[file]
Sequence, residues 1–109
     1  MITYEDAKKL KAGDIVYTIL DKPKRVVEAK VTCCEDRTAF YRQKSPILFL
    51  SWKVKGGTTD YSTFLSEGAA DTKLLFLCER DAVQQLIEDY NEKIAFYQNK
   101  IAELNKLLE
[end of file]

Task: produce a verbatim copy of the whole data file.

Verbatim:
Sequence, residues 1–109
     1  MITYEDAKKL KAGDIVYTIL DKPKRVVEAK VTCCEDRTAF YRQKSPILFL
    51  SWKVKGGTTD YSTFLSEGAA DTKLLFLCER DAVQQLIEDY NEKIAFYQNK
   101  IAELNKLLE